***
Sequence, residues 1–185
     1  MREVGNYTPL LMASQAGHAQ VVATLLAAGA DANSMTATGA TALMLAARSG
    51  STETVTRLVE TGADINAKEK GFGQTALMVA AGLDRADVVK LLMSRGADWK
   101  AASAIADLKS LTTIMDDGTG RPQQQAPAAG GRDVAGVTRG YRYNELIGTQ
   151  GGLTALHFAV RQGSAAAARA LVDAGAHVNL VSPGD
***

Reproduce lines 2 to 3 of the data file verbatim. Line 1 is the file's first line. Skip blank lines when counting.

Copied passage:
     1  MREVGNYTPL LMASQAGHAQ VVATLLAAGA DANSMTATGA TALMLAARSG
    51  STETVTRLVE TGADINAKEK GFGQTALMVA AGLDRADVVK LLMSRGADWK